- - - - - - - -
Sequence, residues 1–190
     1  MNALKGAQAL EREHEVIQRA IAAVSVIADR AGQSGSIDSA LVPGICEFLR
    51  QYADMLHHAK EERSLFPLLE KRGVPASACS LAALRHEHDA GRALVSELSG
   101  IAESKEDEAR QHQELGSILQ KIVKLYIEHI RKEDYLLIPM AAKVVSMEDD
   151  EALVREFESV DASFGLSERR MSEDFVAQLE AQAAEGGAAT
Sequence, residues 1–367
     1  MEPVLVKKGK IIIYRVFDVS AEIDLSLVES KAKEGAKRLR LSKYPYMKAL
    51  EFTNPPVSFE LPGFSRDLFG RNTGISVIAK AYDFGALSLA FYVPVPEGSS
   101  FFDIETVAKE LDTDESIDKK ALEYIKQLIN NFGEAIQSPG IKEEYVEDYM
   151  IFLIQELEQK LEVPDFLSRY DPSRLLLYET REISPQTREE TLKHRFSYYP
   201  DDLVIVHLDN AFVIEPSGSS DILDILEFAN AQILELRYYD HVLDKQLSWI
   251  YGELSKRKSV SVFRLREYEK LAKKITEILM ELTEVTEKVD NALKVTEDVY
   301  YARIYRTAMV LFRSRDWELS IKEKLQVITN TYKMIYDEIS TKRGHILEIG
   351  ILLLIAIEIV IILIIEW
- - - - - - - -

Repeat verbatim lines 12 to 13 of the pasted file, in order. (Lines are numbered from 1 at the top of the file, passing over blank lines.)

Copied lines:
   251  YGELSKRKSV SVFRLREYEK LAKKITEILM ELTEVTEKVD NALKVTEDVY
   301  YARIYRTAMV LFRSRDWELS IKEKLQVITN TYKMIYDEIS TKRGHILEIG